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Vayikra (Leviticus) 19:1 - 20:27
Haftorah - Ezekial 22:1-16
One of the difficulties that the Jewish people face today is their estrangement from Jewish culture.
After Churban Europa - the European Holocaust - three million dazed Jewish refugees returned to society. Broken lives had to be rebuilt, and, sometimes with urgency, lifestyle decisions were made often at the expense of our Jewish culture. Many felt that they had to put aside traditions, language, rituals, even belief, in order to acquire the success and security that the modern world could offer.
This century has seen Jews move from poverty to affluence and from backward villages to an open society. Yet, recent studies agree that today, the Jewish world is in crisis. The alienation of our people from Jewish values and commitments is obvious to Orthodox, Conservative and Reform alike.
All but the largest Jewish communities are withering. Synagogues everywhere are looking for ways to attract the disenfranchised, Jewish community centers are trying to appeal to the unaffiliated and if it weren't for legalized gambling, many of our service organizations couldn't finance their on-going projects.
But this does not have to remain the trend. Our Torah portion this week provides the solution to the spiritual trauma that we are witnessing. Hashem says to Israel:
"Kidoshim Ti'hiyu Ki Kadosh Ani (you shall be holy for I am Holy)." Some Jews, having lost the ability to communicate in the Hebrew language, perceive Kedushah (holiness) as being god-like. A more accurate translation would be distinctive. If we consider the land of Israel holy, it is because among the nations of the world Israel stands out. If the Jewish people want to be holy, rather than believing that we are better, we must make ourselves unique in the world community.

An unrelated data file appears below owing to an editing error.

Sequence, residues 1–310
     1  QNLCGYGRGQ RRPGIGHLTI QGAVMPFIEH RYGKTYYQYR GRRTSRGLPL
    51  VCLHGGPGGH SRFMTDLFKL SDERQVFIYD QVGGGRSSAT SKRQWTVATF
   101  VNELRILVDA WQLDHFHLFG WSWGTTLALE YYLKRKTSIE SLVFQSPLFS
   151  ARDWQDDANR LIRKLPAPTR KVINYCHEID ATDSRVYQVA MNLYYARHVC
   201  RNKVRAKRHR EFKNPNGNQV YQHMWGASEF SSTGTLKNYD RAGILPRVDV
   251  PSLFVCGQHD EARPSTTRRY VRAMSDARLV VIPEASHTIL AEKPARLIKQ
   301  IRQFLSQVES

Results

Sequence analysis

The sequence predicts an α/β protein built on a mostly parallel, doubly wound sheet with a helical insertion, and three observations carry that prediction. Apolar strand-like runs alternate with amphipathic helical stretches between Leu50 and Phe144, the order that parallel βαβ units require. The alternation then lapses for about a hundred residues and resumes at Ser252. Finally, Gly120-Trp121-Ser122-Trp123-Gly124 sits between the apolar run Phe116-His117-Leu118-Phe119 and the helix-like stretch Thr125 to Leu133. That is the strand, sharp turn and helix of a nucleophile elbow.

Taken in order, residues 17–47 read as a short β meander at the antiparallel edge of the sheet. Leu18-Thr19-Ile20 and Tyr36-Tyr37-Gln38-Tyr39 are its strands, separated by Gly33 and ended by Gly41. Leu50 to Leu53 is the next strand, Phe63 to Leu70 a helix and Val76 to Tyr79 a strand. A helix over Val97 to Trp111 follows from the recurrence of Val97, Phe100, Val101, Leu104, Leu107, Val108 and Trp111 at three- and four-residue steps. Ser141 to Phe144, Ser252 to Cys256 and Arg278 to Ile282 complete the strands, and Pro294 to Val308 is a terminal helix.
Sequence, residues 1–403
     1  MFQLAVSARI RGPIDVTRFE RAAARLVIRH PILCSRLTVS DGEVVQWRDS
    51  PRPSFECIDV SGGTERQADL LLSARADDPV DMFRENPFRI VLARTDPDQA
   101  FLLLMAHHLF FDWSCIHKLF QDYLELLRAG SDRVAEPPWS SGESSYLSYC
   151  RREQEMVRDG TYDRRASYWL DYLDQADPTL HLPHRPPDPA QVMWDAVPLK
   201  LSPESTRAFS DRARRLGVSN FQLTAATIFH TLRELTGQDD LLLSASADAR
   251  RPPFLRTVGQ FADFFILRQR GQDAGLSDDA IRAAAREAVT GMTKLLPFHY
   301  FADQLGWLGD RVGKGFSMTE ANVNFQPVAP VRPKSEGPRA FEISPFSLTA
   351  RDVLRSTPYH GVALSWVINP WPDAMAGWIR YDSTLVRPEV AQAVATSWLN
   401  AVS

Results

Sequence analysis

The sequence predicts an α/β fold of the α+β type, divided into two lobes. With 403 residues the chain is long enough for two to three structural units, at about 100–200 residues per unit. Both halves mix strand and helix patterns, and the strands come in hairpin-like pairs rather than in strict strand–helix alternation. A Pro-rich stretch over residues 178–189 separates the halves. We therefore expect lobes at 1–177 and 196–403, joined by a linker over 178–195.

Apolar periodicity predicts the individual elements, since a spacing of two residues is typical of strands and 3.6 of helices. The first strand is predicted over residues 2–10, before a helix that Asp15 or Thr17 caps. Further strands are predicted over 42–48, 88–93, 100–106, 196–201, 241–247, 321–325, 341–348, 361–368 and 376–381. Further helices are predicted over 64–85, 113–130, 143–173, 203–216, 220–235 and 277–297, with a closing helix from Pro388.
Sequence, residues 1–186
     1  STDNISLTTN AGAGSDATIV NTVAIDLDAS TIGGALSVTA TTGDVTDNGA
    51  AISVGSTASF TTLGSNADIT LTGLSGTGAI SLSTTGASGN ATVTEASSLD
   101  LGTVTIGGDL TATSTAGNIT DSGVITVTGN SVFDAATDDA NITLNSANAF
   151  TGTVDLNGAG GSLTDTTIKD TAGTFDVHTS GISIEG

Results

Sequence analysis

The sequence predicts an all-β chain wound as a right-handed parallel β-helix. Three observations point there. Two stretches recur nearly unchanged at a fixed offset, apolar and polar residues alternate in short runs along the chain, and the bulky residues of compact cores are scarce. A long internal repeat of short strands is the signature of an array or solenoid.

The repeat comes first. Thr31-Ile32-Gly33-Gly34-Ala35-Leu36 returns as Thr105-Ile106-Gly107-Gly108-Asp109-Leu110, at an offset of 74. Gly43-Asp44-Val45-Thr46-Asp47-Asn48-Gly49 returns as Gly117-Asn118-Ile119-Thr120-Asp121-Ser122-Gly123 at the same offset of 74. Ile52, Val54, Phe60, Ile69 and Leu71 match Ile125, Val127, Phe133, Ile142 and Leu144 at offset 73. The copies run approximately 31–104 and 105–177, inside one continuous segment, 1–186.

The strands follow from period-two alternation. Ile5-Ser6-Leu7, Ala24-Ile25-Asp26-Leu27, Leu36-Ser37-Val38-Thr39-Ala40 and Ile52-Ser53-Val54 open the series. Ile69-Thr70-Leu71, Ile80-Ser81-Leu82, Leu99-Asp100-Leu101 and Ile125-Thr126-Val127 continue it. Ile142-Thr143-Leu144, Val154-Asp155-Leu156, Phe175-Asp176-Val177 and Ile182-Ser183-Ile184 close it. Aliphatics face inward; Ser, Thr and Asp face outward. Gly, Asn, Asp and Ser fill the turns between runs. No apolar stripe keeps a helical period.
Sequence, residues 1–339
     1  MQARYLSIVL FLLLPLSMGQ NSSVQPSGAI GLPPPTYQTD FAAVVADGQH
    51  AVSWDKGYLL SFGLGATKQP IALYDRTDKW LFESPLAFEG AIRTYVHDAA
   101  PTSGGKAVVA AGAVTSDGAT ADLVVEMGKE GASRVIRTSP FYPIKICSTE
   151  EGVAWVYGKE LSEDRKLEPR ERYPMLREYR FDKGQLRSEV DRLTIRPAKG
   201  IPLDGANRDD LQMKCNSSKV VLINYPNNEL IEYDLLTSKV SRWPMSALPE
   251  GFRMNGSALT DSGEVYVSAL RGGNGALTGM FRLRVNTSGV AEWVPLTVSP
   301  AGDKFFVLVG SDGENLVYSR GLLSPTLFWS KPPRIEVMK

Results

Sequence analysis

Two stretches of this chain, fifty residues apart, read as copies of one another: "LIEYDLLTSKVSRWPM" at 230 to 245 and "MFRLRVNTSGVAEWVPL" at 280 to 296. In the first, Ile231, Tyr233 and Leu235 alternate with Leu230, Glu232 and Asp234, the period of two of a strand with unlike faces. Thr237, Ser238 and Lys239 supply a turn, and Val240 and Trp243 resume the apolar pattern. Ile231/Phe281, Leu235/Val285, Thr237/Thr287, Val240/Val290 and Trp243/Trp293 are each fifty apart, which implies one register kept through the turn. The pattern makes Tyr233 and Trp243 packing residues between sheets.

There is a wonderful story that I read in a National Jewish Outreach Program workbook that illustrates my point.
A flock of eagles was flying high over the land. They were able to see the dense forests, the villages, the rivers and lakes; all of the beauties of the world lay beneath them. As they were flying gently, suddenly one of the eagles felt a sharp pull in his wing as if something had snapped. He began to fly toward the earth so that he could examine himself and discover what had happened.In order to attract the disenfranchised and the unaffiliated, we must reconnect to the culture that produced the great personalities of yesteryear. Our efforts to become "normal" has deprived us of the uniqueness of our holiness. Ask a Christian who the chosen people are and he will tell you right away, "the Jews." Ask a Jew what it means to be the chosen people and he/she will rationalize how we're not so different.
Our eagerness to transform ourselves from ghetto Jews to worldly Jews has taken its toll. Our invisibility has backfired, leaving us to the fate of so many other one-time great civilizations. However, we are a holy people who, like G-d, endure.
The Torah teaches us Kidoshim Ti'hiyu Ki Kadosh Ani - since Hashem is distinctive, so, too, must we be distinctive. Hashem's distinctive feature (as we explained just a few weeks ago at the Passover Seder) is that He personally cares for His people Israel. We cried out for liberation and He heard our prayers and delivered us from bondage. He is a G-d of action, not promises.
Synagogues and community organizations in your area are offering adult education classes that can teach you how to reconnect. Take advantage of the opportunity. Keep up with your children's Jewish education. If they aren't getting a Jewish education, provide one. Ask a Rabbi what it means to be holy, if he can't answer you properly, find one that can.
Finally, make the Sabbath day holy, every single week. Don't make it a Jewish Sunday, keep it distinctive. Dress appropriately, eat distinctively, pray uniquely, bless your children in words and in touch. Delight in the distinctive quality of your holy Jewish family and the brightness of our Jewish light will once again illuminate our national character.
Remember, you're eagles.
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